Monday, February 10, 2020
I know of at least one certainty in life: that the first cards of the new year will always be exciting.
So much of time can get lost in the mix of joys and frustrations, essentially relegating it to the mundane. I've seen some of the same cards in my collection over and over again during countless flips through my binders, seen them so often I forget the thrill I once felt when they were new. This is often true with baseball itself. During the season I get used to the day-in, day-out rhythm of the game, a rhythm I only realize when the last out of the World Series happens and I'm faced with a winter of empty calendars, willing to do unspeakable things if it would just bring baseball back sooner.
Here and there in the last month or two I've looked over old posts I wrote at the beginnings of each card season, and I've often thought to myself -- wow, was I really ever THAT excited about 2016 Topps? And the answer is YES: because it was new. Because it carried possibility. Even if I despise 2016 Topps now, it was once a thrill to see it there, hanging in droves from the Target shelves.
Sometimes it takes the dawn of a new card season to remember that.
At this point, of course, I'm probably the 984th person to tell you that 2020 TOPPS IS HERE!
Like most new card seasons, I checked my Target (and even a Walmart) a couple times before the cards themselves finally showed up. Alas, I found them this past Friday -- coincidentally a work payday, which allowed me to go a bit more wild with my purchases than I might've at another time (think you can correlate all your release dates with my paydays, Topps?). All in all, I bought a blaster, a hanger box, a few rack packs and an obligatory loose pack.
And while I don't love this year's design by any means, you better believe I had a helluva lot of fun with my first taste of 2020 Topps.
The backs continue to be...okay, I guess.
I can never muster up much to say about Flagship backs because they've all run the same in my mind over the last few years (does Topps seriously not have any other fonts for the stat lines?).
One of the more understated benefits of Series 1 is that, thanks to Update's demise, it's often the first big set to show the previous year's late-season trade chips in their new uniforms.
Greinke and Hamilton both appeared in their updated duds in Topps Holiday (and possibly other late-season sets I haven't yet seen) but those are my first cards of Bruce and Aguilar for my Phillies and Rays binders.
All the young dudes.
One of the more self-centered ways I have of judging a set is by how many mini-collection hits it provides.
By that criteria, 2020 Topps rules!
Maybe it's just the release day rose-colored glasses, but it certainly seemed like I added way more themed cards to my lists than any other Flagship set in recent memory (and judging from what I've seen around the blogs, there's quite a few others I didn't pull).
It's hard to objectively rate a set on release day, but at the end of it all I doubt I'll consider 2020 Topps a banner year in the canon: too much gray and too much of the TV-graphic trend Topps seems to have fallen into lately (in addition to the trend of too many collation issues, as I pulled doubles and triples of quite a few cards).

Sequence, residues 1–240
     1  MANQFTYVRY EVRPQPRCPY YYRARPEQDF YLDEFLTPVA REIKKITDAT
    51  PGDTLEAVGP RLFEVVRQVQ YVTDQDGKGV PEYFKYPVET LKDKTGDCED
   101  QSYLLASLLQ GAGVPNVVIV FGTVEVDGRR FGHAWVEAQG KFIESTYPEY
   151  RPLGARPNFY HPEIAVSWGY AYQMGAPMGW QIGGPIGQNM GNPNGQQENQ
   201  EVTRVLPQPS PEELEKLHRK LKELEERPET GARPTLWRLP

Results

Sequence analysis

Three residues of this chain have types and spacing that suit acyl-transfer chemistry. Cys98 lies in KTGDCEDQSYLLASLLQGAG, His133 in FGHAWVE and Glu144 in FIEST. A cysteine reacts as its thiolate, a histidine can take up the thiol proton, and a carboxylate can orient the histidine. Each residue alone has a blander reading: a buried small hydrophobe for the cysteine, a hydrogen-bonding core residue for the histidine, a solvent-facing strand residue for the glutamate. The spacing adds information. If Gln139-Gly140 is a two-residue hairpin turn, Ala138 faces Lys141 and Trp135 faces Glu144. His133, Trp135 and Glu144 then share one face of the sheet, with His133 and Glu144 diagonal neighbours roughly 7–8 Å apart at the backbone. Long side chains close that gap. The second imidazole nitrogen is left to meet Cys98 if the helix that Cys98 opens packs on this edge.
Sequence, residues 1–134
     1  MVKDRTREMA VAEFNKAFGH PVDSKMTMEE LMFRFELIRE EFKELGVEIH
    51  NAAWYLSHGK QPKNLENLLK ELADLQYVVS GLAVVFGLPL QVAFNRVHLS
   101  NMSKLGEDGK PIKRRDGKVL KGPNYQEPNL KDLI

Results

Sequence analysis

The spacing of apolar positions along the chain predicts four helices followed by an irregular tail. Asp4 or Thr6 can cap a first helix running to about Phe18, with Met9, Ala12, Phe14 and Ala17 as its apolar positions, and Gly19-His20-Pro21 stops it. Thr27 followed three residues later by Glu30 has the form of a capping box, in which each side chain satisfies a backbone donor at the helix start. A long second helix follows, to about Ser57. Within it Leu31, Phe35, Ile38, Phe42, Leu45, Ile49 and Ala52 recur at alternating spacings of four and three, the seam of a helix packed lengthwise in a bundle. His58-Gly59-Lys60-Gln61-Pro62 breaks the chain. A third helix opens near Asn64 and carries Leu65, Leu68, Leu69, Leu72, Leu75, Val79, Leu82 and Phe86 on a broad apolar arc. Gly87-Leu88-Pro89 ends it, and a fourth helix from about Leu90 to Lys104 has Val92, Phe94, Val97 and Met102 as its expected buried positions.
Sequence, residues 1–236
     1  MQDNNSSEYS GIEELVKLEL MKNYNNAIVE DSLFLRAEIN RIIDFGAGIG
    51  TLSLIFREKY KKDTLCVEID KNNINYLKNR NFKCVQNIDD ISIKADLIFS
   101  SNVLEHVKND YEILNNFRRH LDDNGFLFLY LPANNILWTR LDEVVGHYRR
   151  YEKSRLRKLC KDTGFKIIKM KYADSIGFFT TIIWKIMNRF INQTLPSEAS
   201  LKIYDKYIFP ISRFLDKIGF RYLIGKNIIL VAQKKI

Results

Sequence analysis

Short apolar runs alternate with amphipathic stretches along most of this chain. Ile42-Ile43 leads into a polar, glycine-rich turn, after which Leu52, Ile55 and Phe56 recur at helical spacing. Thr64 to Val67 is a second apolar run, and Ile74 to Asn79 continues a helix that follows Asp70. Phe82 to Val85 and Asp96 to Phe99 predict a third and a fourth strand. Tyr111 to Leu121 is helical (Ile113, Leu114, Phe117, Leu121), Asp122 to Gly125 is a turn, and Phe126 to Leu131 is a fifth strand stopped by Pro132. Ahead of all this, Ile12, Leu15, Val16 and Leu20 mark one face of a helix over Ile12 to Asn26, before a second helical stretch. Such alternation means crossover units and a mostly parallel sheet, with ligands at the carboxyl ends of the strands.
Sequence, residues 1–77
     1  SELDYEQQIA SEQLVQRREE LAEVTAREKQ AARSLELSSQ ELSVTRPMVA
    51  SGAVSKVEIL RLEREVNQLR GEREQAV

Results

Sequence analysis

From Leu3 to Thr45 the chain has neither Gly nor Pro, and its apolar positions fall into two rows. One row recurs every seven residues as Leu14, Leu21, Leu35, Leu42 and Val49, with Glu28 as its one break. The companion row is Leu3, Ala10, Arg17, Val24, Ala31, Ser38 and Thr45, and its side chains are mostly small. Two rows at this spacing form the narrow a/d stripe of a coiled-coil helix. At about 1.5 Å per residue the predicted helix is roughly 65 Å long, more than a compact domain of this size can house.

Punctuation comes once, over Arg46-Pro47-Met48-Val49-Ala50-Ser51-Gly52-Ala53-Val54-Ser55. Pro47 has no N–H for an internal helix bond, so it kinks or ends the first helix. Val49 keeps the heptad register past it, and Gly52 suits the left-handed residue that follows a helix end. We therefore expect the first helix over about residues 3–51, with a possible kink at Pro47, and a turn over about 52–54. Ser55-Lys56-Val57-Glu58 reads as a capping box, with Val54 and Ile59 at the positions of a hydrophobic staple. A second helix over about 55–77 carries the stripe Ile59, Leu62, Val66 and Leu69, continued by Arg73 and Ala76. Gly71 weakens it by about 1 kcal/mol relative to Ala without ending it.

But even middling designs usually still produce a handful of memorable cards -- these all grabbed my attention for various reasons (can't say I've ever seen a card of dudes reading a scouting report before).
More cards I loved -- aside from being a prime member of the "weather" mini-collection I've often thought of launching, Brock Holt will forever be the first 2020 card to be inducted into the frankenset.
This year's Topps continues the trend of Flagship inserts just kind of being...there.
In a card world brimming with forgettable and pointless inserts, those Topps Now Rewind (Topps cards of a Topps card?) may well be the most forgettable and pointless.
I can't muster up much excitement for parallels in a design without borders, and the others are fine but not particularly enthralling ('85 Topps is little more than a middling Topps set for me).
The Turkey Reds are by far the most intriguing inserts of the bunch -- I was a huge supporter of the brand back in the mid-2000s and was crestfallen when it disappeared following a few halfhearted runs as insert sets and online-only exclusives.
These don't quite have the same look and feel as the Turkey Reds I collected during my adolescent years, but they're still cool and the only 2020 Topps inserts I'll be chasing with anything resembling excitement -- though I can't for the life of me figure out why Topps decided to include Chrome parallels (pre-war designs should never, ever be chromed up!).
I also pulled this out of my blaster, and even though it's mega-thick I'll probably keep it, which is an improvement over most manufactured relics that leave me with the thought of what the hell am I supposed to do with THIS now?
As of this writing, I'm a fan of 2020 Topps because, well, it's still new to me. I still have plenty left to chase from it, and I haven't seen the same cards repeat themselves to death in packs and dime boxes. Maybe three or four years from now I'll be looking back on those words I just typed with confusion. They'll always be there: this comes with the territory of running a blog whose archives remain unchanged by time.
But here, in this moment, nothing can change the fact I've had fun with 2020 Topps -- nothing can change the certainty of that thrill I felt at the possibilities of this joyous card season.